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Closing Comments

Corn

Corn erodes lower with the broader commodity sector following Wednesday’s Federal Reserve statement after breaking key chart support.

News reports indicate that Saudi Arabia’s Oil Minister is going to keep his position in the revamped cabinet under the new leader of the oil-rich nation. That suggests that Saudi Arabia will be continuing to aggressively pump crude oil, keeping prices under pressure a big longer. As a result, we saw crude oil prices drop to their lowest levels since April 2009, which in turn chews into margins for ethanol and biodiesel producers.

The broader commodity indices that Wall Street fund managers trade when they want to either own or short (sell) the broader sector dropped sharply following Wednesday’s release of the Federal Reserve’s latest monetary policy statement. We remain in a broader deflationary cycle for the commodity sector as the dollar trades near 11-year highs. Rallies are tough to sustain in this environment unless a compelling story emerges. In the meantime, the current sentiment makes the path of least resistance lower.

Exporters sold 42.7 million bushels of corn in the week ending January 22, including 42.1 million old-crop bushels. The old-crop sales were down from a robust 86 million bushels the previous week, but were up from the five-year average for the week of 33.5 million bushels. Big buyers during the week included Japan at 17.3 million, Mexico at 8.7 million and South Korea at 7.2 million bushels.

Marketing year sales to all destinations total 1.237 billion bushels, down 4 million from the previous year. Exporters typically sell 62% of final corn shipments by this point in the year, whereas they had sold 65% by this point last year. However, this year they have already sold 71% of USDA’s target for the year. As such, corn export sales to date exceed the seasonal pace needed to hit USDA’s target by 159 million bushels, up from 156 million the previous year.

Exporters sold 9.1 million bushels of grain sorghum in the week ending January 22, down from a robust 12.1 million the previous week, but still up from the five-year average for the week of 4.4 million bushels. The past week’s total included 8.3 million bushels sold to Chinese end users, with “unknown destinations” buying 0.8 million.

Marketing year sales to all destinations total 270 million bushels, up 145 million or 116% from the previous year. Sales to date already match USDA’s target for the year that was just revised upward on January 12. Exporters typically sell 54% of final grain sorghum shipments by this point in the year, whereas they had sold 59% by this point last year. However, this year they have already sold 100% of USDA’s target for the year ending August 31. As such, sales to date exceed the seasonal pace needed to hit USDA’s target by 125 million bushels, up from 123 million the previous week.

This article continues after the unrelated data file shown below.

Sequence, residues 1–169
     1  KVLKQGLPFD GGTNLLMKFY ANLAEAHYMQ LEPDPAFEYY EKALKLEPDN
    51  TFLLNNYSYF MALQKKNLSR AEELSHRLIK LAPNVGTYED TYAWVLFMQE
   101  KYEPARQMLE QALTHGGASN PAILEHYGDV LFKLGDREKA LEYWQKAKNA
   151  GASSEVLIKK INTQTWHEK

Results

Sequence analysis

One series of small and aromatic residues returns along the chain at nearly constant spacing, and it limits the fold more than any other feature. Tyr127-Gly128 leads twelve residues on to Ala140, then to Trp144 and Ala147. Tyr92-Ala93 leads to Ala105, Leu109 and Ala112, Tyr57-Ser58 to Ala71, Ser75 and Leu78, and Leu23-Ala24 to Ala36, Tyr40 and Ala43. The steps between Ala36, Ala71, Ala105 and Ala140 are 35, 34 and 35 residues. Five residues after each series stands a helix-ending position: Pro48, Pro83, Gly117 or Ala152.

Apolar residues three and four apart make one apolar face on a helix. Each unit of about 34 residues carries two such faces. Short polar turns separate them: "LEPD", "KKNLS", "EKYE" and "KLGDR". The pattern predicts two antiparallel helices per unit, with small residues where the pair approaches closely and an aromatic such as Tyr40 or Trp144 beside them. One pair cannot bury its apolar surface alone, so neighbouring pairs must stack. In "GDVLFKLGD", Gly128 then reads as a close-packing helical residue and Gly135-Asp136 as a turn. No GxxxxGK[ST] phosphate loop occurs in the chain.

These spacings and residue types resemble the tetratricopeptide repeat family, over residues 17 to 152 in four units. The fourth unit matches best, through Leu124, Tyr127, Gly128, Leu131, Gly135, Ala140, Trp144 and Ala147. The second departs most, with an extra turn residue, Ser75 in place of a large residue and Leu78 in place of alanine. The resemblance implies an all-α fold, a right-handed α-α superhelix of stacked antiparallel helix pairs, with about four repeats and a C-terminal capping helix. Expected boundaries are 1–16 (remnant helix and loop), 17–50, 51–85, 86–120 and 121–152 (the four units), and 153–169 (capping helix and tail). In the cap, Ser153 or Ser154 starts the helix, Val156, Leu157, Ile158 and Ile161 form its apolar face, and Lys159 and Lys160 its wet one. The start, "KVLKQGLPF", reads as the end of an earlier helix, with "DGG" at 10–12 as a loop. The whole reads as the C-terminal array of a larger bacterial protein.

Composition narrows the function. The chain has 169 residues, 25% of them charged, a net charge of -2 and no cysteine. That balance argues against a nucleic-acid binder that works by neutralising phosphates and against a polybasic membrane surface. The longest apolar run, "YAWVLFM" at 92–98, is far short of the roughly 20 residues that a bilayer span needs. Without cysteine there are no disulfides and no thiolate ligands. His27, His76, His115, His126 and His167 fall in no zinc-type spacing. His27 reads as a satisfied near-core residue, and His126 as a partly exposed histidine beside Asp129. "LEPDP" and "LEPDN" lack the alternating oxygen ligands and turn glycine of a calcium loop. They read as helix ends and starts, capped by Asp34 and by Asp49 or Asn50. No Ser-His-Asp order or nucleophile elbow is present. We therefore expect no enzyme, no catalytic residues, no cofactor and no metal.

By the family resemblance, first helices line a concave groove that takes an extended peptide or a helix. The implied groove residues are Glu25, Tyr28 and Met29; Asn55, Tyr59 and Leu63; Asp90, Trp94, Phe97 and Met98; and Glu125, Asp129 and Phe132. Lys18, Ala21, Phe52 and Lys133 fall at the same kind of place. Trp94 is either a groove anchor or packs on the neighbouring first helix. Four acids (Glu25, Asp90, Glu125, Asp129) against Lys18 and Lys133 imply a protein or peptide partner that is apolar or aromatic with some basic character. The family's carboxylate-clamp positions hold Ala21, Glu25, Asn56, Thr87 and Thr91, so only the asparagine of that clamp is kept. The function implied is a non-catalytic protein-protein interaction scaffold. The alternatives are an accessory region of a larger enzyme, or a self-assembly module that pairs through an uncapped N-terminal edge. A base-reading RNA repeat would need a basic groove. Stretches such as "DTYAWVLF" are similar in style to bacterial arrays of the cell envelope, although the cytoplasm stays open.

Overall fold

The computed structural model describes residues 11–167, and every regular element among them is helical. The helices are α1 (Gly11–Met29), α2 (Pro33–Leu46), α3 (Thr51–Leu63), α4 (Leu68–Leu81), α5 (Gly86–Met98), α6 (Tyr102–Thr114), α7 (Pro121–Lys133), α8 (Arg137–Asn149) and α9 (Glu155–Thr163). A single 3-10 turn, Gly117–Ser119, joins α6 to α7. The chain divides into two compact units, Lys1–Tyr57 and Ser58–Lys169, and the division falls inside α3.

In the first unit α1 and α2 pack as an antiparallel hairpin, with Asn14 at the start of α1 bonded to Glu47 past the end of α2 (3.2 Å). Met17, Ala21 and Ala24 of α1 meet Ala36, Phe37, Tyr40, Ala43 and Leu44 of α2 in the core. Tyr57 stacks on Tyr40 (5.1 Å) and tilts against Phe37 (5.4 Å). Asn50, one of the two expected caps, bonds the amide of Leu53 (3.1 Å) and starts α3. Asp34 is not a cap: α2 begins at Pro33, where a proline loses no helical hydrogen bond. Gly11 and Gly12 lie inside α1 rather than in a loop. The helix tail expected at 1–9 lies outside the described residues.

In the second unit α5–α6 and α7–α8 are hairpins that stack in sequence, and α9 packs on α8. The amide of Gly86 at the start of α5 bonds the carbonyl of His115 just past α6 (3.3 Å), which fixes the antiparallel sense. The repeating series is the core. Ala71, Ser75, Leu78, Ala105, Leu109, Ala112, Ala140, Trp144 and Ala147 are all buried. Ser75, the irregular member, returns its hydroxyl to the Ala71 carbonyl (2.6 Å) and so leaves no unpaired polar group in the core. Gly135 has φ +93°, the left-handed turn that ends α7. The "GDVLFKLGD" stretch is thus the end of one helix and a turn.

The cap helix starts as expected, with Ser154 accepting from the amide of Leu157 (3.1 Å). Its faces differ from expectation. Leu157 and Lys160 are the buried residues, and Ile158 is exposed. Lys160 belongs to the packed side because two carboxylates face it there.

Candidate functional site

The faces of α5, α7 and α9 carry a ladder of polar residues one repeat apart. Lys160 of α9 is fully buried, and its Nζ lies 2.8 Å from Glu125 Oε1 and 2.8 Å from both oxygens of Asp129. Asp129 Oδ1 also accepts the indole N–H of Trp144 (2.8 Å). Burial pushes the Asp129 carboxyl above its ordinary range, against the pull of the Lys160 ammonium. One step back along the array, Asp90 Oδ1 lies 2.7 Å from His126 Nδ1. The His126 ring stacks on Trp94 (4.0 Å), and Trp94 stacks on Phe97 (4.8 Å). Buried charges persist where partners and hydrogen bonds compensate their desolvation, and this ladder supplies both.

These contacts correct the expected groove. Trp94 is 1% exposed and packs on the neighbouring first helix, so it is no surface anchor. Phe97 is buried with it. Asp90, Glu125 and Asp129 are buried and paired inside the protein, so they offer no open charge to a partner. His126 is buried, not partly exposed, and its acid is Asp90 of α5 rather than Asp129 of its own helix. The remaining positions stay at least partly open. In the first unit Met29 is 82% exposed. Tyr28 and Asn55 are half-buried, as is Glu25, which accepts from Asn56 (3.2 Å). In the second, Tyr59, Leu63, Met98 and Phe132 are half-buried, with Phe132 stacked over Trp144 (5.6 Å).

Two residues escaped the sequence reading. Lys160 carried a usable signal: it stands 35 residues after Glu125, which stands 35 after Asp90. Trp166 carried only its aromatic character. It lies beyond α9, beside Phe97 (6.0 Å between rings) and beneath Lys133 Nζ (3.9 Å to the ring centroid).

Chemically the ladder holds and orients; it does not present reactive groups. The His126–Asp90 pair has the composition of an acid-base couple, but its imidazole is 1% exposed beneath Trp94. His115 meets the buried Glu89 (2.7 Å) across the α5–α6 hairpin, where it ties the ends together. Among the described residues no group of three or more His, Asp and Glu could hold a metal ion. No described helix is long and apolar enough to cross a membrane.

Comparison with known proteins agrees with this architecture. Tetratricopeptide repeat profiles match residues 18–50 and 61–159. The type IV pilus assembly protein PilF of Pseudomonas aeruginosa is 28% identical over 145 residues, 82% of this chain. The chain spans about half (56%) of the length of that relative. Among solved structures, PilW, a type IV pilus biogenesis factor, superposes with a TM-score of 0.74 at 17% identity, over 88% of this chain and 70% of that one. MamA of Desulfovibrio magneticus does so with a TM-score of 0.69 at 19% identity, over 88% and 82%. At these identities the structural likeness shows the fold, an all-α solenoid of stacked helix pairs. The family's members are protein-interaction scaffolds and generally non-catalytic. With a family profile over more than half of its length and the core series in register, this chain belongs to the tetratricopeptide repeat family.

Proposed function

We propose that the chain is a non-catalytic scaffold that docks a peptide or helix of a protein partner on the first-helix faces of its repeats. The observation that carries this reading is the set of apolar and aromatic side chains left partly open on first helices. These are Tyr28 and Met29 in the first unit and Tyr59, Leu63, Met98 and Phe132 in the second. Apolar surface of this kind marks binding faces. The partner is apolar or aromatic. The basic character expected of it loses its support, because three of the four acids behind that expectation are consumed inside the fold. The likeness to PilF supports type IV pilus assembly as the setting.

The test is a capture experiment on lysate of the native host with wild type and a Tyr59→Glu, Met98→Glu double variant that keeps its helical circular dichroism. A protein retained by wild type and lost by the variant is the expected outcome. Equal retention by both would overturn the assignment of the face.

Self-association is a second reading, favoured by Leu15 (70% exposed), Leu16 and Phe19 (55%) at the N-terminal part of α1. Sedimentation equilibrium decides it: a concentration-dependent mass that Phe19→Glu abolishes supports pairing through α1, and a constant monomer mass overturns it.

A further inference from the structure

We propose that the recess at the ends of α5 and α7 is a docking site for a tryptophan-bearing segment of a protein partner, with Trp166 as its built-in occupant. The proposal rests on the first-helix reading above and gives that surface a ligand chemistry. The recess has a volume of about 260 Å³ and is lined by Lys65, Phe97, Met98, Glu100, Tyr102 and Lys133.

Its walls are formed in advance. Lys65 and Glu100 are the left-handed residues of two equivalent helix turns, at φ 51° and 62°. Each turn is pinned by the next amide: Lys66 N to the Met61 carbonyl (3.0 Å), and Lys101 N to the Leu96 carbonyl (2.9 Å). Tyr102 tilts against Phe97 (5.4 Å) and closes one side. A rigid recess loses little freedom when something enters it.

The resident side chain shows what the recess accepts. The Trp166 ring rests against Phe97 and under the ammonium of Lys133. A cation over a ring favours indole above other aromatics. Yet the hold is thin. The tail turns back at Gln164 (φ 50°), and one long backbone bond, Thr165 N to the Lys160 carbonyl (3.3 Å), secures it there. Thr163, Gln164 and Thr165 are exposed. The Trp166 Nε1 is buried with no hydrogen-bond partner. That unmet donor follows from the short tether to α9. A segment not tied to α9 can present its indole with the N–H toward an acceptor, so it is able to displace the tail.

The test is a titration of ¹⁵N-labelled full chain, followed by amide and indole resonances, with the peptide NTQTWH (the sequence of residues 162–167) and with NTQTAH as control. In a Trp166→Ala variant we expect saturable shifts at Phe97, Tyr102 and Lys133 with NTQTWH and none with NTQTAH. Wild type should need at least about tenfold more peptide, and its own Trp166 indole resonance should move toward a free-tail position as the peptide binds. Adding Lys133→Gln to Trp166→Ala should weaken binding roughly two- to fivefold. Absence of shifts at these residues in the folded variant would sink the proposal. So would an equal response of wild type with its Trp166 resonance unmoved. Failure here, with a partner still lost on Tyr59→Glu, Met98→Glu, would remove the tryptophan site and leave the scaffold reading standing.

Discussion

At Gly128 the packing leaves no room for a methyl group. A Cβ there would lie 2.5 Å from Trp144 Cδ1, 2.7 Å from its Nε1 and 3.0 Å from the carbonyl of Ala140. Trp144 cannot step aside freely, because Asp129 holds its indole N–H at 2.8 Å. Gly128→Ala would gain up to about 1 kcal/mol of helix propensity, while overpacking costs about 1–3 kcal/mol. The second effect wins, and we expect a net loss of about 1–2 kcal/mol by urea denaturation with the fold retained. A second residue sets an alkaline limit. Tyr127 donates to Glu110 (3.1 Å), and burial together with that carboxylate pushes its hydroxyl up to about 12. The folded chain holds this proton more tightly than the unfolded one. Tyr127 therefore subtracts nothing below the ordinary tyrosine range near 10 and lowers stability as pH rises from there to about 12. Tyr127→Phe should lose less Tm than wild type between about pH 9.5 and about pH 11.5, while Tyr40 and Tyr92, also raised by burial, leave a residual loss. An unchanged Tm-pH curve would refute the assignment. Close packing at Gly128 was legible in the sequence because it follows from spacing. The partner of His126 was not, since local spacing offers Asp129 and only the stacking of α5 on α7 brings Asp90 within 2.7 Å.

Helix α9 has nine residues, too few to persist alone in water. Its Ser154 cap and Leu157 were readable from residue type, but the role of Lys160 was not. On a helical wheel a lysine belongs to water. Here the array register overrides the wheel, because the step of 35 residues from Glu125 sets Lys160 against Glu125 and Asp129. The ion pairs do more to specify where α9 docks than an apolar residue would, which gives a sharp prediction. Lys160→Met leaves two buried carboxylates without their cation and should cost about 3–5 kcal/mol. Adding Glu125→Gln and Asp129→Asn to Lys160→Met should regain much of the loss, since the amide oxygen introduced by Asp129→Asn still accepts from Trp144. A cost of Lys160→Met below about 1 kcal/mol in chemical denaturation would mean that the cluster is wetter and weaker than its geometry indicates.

USDA’s daily export reporting system today included additional grain sorghum demand. “Unknown destinations,” which is likely Chinese end users, bought another 2.3 million old- and 2.3 million new-crop grain sorghum in the past 24 hours.

March corn broke through key support at $3.76 Wednesday, with follow-through selling today. Periodic bounces are likely, but consecutive settlements below that level suggest that sentiment is decidedly turning more bearish, leaving us vulnerable into the seasonal February weakness. December corn probed below psychological support at $4, but bounced back to settle modestly above it today.

Soybeans

Strength in soymeal demand slows soybean losses for now, but traders are bracing for the big South American harvest that is slowly building momentum.

Exporters sold a solid 33.4 million bushels of soybeans in the week ending January 22, including 32.6 million old-crop bushels. The old-crop sales were up from a dismal 0.5 million the previous week, but were up from a five-year average of 19.4 million bushels. Sales to China accounted for 20.1 million bushels, while “unknown destinations” reduced previous purchases by 8.6 million bushels.

Marketing year sales to all destinations total 1.656 billion bushels, up 97 million or 6% from the previous year. Exporters typically sell 79% of final soybean shipments by this point in the year, whereas they had sold 95% by this point last year. This year’s sales are equal to 94% of USDA’s target for the year ending August 31. As such, sales to date exceed the seasonal pace needed to reach USDA’s target by August 31 by 253 million bushels, up from 252 million the previous week.